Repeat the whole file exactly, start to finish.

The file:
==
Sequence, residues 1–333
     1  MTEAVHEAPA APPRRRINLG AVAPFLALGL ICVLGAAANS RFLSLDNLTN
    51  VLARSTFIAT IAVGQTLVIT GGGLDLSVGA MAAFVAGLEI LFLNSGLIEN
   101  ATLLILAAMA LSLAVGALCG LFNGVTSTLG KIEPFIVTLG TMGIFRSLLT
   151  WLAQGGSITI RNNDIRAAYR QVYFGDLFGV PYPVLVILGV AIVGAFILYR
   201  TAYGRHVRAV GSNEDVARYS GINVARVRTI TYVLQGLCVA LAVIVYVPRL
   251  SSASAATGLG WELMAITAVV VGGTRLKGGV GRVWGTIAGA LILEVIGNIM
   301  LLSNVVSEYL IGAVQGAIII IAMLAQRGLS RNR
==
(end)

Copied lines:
Sequence, residues 1–333
     1  MTEAVHEAPA APPRRRINLG AVAPFLALGL ICVLGAAANS RFLSLDNLTN
    51  VLARSTFIAT IAVGQTLVIT GGGLDLSVGA MAAFVAGLEI LFLNSGLIEN
   101  ATLLILAAMA LSLAVGALCG LFNGVTSTLG KIEPFIVTLG TMGIFRSLLT
   151  WLAQGGSITI RNNDIRAAYR QVYFGDLFGV PYPVLVILGV AIVGAFILYR
   201  TAYGRHVRAV GSNEDVARYS GINVARVRTI TYVLQGLCVA LAVIVYVPRL
   251  SSASAATGLG WELMAITAVV VGGTRLKGGV GRVWGTIAGA LILEVIGNIM
   301  LLSNVVSEYL IGAVQGAIII IAMLAQRGLS RNR